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There were some pictures along the way of this black and red machine, which we built for Matt, who lives nearby. On this machine we decided to be a bit more daring and go with a 15' diameter prop. Again, this is a 24 volt machine. The coils are wound with 48 windings made up of 2 strands of #14 wire - which is equiv. to #11 wire. My 14' machine was a 12 volt unit, and the coils each had 24 windings. As mentioned on earlier pages, there were stall problems (the alternator was producing too much current at too low an rpm for the blades to run at an efficient speed) so on mine we had to seperate the magnet disks a bit to compensate. We stuck with the same formula for the coils, figuring that the larger, wider 15' blade would have the power to handle it.
I rigged up an adaptor so I could bolt the alternator to the rear axel of my '30 Ford Pickup. By measuring output, rpm, and foot pounds I got a pretty good idea of the power curve for this alternator. It didn't seem far off the mark for a 15' prop - especially when I considered that the line from the tower would be almost 300' long. Click Here to read the whole page about testing these alternators.
We built the blades from scratch, starting with a douglas fir tree that had blown down a couple years ago nearby. Click Here to read the page about how we made the blades.
I added a gusset to the tube that offsets the alternator, and filled the tail pivot with 1/8" diameter stainless steel rods, and welded it over. This should make it a bit stronger. I had some concerns about the tail pivot cracking.
Matt made the tail to be a concerned Border Collie, standing on cloud nine... herding the wind. (the machine will also be sitting nearly over hole #9 on his mountain golf course)
Here Matt is assembling the machine for the first time on a stand in front of the shop.
We added 1 8" wide piece of angle iron to each side of the hub on each blade, so that we could bolt through and squeeze the hub together very tightly. This made the hub much stronger. We then balanced the blade with shorter bits of angle iron and bolted them on so that they might stir some air up around the stator. After testing this alternator on the ground at 2KW output, overheating is a bit of a concern and perhaps this will help a bit.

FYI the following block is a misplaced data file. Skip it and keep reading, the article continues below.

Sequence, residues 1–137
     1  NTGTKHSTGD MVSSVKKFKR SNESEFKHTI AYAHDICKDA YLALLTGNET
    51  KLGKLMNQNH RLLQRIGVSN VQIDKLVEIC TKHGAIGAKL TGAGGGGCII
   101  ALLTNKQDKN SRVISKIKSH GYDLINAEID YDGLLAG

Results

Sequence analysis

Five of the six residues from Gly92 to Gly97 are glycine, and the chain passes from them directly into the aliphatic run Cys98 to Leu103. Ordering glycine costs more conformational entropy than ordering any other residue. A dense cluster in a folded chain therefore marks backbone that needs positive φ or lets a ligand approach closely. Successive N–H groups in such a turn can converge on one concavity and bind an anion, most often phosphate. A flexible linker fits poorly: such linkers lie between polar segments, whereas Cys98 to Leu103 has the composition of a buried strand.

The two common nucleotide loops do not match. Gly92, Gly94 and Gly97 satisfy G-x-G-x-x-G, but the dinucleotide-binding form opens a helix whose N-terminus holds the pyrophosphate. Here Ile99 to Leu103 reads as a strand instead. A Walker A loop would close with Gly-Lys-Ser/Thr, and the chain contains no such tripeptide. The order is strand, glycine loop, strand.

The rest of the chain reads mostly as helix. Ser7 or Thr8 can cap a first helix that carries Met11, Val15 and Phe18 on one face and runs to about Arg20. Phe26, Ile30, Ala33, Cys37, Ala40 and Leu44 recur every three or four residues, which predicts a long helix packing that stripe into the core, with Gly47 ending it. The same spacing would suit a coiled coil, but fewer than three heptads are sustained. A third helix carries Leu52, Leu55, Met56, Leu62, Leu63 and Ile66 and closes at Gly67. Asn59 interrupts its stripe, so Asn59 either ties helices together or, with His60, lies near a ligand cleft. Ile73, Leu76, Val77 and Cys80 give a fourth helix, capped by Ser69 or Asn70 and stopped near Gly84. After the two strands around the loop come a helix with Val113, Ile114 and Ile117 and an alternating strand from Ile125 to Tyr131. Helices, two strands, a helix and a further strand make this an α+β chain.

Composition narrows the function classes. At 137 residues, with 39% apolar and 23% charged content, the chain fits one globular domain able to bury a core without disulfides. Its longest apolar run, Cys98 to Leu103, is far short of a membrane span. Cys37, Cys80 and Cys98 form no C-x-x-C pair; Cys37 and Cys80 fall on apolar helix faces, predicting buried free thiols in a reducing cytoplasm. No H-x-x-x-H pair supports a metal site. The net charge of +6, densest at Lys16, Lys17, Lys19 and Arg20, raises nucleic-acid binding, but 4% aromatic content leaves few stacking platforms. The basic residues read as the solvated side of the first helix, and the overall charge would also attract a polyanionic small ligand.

Here is the tower on the ground. It's 43' tall, from 3" diameter pipe. The top 10' are reinforced -hopefully it's rigid enough. The base is a simple pivot which is staked to the ground, and all the guy wire mounts are drilled into rock nearby. At 43', it gets nicely above the trees looking to the North, West, and South - but to the East its not high enough. The prevaling wind here is from the West so it should workout OK.
Pictured above neighbors are helping to assemble the machine on the tower top. You can see I've welded a support, or 'Foot' on the tower so that when the machine comes down the tower is not able to hit the ground. This makes it a bit easier and safer to work on.
There it is! She went up smoothly - we pull this tower up with a truck. At this time it's been up for only about 3 weeks. It seems to be doing very well in low winds. The very calmest days we still see output from it frequently. On windier days we've seen about 1.5KW from it - which seems to be the point at which it starts to furl. If it holds together over time, I think it will produce a lot of power! Time will tell. It's about 300' from the batteries, and we brought the power in on 3 strands of #4 wire. Although there is some resistance in the line... we are counting on that to bring the power curve of the machine more inline with that of the blade. Were the line too thick.. it would probably stall badly. Were it too thin - it would overspeed. As it is, I have a feeling its pretty close. Though there is no anemometer on the site, I would say just from watching, that it works slightly better than my 12 volt 14' machine which is featured on the previous page.